The end of (the capitalist white supremacist heteropatriarchal hate-full order of) the world, a survival guide:

This piece originally appeared as a Twitter essay I published on November 4, 2017. I am re-posting it here with minimal edits to improve clarity and formatting.

fossilized fish and plants at the Peabody Museum, New Haven

One: find your beloveds. Find your beautiful soul-kin. Check in with them every day. Tell them they matter. Weather storms together, like schools of fish in rough seas.

Two: Manifest care however you can, to whatever extent is possible in your given circumstances. Choose care. Choose tenderness. Admit to yourself when you are enacting care in name only. Regroup. Restore. Breathe. Ask for help if you can, in your circumstances.

Three: Find the green things, if you can. As teaches us — remember the plants are with us. They co-conspire our most audacious dreams (co-conspire an audacious otherwise, as Natasha Myers and Timothy Choy both offer us in their work on co-conspiracies)

Four: Remember that many orders of existence & being in this space-time are built on a deep relationality between us & the universe(s). Remember, deep in your cells, what it is to exist in tender co-constitution. What it is to exist in a political order beyond this hate-full present.

Five: Reach through space-time and feel for the other possibilities. If we are indeed in the glitchiest of timelines, remember we have collective will. Collective authorship. We are not beholden to the nightmares of those men of old who envisioned the world in extraction and pain.

Six: Again, as teaches us: soften. This is not a call to dissolve your boundaries and membranes, but a collective urgency to soften like lime rock in eons of rain dripping through caves, molding anew. Even the hardest of circumstances dissolve through gravity and time.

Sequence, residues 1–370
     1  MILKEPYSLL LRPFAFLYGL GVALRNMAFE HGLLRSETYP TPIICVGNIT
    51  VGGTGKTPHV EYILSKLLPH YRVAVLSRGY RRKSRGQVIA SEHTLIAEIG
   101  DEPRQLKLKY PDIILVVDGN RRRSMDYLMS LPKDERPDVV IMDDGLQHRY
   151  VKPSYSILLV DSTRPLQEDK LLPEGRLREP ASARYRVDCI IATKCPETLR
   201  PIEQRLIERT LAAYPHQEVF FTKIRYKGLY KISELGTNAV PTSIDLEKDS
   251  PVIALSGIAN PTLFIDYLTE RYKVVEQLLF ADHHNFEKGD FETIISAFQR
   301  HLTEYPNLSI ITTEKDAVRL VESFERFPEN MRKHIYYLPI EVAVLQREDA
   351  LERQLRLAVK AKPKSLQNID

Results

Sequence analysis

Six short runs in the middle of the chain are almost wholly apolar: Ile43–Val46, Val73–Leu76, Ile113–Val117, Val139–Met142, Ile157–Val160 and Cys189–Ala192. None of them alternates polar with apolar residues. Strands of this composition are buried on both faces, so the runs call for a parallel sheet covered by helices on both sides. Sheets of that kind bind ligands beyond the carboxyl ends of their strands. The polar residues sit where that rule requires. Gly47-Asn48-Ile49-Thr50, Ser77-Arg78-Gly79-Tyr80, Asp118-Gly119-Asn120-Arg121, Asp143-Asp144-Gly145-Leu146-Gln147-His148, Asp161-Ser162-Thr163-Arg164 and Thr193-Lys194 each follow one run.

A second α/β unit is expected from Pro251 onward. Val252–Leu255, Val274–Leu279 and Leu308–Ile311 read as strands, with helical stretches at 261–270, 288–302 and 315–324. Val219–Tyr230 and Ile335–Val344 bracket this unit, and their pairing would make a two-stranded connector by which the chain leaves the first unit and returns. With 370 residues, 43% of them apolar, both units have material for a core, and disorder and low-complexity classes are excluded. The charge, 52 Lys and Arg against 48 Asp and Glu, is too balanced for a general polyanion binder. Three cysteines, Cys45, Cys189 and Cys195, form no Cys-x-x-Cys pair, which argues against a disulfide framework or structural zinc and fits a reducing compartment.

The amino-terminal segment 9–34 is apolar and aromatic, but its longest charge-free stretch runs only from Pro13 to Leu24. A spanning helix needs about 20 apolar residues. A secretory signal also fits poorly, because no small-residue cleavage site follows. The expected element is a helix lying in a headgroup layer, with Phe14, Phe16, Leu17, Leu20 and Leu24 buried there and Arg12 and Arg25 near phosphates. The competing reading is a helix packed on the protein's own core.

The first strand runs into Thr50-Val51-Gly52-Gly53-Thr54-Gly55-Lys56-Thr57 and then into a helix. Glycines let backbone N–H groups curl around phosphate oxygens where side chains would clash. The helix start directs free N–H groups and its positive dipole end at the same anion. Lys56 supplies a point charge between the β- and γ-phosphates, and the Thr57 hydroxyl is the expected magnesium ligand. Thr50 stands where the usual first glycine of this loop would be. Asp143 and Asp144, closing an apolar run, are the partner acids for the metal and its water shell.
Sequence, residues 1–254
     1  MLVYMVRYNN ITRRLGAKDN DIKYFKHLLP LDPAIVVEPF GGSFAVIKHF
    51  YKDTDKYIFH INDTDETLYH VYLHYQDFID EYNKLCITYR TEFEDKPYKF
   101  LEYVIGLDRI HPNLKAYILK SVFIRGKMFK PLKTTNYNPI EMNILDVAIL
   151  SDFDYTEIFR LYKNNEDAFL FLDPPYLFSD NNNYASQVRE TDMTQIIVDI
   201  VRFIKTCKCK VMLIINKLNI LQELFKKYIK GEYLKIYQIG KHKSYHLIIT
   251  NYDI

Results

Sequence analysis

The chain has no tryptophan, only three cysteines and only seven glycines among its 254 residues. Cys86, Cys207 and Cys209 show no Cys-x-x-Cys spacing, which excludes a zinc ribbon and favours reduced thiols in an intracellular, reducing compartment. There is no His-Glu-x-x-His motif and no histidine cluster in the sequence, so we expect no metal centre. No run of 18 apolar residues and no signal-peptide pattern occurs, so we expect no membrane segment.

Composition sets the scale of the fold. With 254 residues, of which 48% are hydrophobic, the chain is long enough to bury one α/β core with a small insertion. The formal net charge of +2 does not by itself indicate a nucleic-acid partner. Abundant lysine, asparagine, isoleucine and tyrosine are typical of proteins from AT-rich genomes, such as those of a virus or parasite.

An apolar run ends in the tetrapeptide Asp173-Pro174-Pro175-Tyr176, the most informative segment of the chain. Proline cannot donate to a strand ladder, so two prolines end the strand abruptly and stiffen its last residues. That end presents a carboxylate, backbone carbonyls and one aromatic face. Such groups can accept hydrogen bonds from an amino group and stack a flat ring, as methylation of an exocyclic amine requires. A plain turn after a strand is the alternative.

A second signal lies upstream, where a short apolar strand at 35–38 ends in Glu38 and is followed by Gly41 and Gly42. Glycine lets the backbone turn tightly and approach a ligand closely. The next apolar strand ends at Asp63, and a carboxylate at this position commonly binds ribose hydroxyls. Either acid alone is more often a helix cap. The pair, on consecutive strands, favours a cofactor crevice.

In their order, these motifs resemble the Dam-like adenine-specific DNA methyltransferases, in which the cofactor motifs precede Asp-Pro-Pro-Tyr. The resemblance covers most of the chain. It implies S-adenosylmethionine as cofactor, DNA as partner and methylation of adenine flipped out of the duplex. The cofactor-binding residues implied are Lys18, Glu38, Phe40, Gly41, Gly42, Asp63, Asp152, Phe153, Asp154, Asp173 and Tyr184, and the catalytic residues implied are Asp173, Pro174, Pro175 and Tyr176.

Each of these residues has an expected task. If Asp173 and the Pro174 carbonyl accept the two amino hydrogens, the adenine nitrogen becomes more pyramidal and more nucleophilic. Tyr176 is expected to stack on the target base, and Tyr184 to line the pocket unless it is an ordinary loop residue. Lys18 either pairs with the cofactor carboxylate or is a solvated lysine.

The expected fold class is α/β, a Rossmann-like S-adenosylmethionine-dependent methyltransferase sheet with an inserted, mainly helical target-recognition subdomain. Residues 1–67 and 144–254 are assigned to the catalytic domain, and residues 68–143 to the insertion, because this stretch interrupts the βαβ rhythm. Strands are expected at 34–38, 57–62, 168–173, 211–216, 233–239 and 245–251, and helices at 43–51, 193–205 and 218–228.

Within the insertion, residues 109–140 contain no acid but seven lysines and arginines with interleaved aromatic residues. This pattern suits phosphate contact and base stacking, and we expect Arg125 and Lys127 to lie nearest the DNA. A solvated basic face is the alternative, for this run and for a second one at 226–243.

Seven: Story your resistance. Story your refusal, as Audra Simpson teaches us. Become comfortable as the ‘not-known’ breathes, as Marisol de la Cadena teaches us: humble yourself to not-knowing (de la Cadena) in this still magical and agential many-worlds. They cannot extract it all.

Eight: Imagine your kin beyond the narrow and rigid precepts the state imposed on us, as teaches us. Become enamoured with the kinscapes (the brilliant term employed by Dr Brenda MacDougall in her writing on Métis kinship) that shape your life and longing.

Nine: Love audaciously. Seek fishy and mountainous forms of revenge where warranted. Refuse the scrips and scripts imposed by those intergalactic surveyors rending flesh from land. Leave offerings for the berry plants and the alder and spruce. Listen to the sparrows and squirrels.

Ten: Add your own survival & survivance to this script of refusal & tenderness and audacity & ‘presencing’ (after Vizenor). Write and shout your own existences into pastpresentfuture. Dismantle those ontologies of capital and whiteness that seek to render us mere monuments of excess

Eleven: Tend to sturgeon time & geologics. Remember the eons through which rock becomes sand. Expand your existence in lamellae of calcium & minerals deposited with insistence while stars explode + implode. Kiss the sea like supernova racing as particle + wave hurtling through millennia.

Twelve: Build something beyond this poem, grasping and searching as it is through electrons and energy-hungry servers imaged and imagined through the lens of Silicon Valley politics of (white patriarchal capitalist) possibility. Render a better structure for our audacious connection.

Thirteen: Also, read the scholars and thinkers who are breathing these possibilities into being. Read . Read . Read . Read . Read . Read . Read . Listen to .

Zoe Todd

Dr. Zoe Todd (Red River Métis/Otipemisiwak) is an Assistant Professor of Anthropology in the Department of Sociology and Anthropology at Carleton University in Ottawa, Canada. She was a 2011 Trudeau Foundation Scholar. She researches Indigenous feminist (Métis) perspectives on the anthropocene, extinction, human-fish relations, colonialism and Indigenous legal orders/governance in Canada.

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